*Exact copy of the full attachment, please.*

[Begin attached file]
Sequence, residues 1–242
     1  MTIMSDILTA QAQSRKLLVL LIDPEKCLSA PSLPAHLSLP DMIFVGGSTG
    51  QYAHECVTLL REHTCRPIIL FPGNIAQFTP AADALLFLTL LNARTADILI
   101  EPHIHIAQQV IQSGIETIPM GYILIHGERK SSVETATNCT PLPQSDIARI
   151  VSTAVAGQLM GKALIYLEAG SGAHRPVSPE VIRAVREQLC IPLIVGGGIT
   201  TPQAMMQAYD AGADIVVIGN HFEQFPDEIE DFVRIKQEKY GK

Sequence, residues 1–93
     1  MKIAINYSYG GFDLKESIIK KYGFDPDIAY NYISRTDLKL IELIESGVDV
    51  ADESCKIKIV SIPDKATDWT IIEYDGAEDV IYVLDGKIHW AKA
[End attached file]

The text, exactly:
Sequence, residues 1–242
     1  MTIMSDILTA QAQSRKLLVL LIDPEKCLSA PSLPAHLSLP DMIFVGGSTG
    51  QYAHECVTLL REHTCRPIIL FPGNIAQFTP AADALLFLTL LNARTADILI
   101  EPHIHIAQQV IQSGIETIPM GYILIHGERK SSVETATNCT PLPQSDIARI
   151  VSTAVAGQLM GKALIYLEAG SGAHRPVSPE VIRAVREQLC IPLIVGGGIT
   201  TPQAMMQAYD AGADIVVIGN HFEQFPDEIE DFVRIKQEKY GK

Sequence, residues 1–93
     1  MKIAINYSYG GFDLKESIIK KYGFDPDIAY NYISRTDLKL IELIESGVDV
    51  ADESCKIKIV SIPDKATDWT IIEYDGAEDV IYVLDGKIHW AKA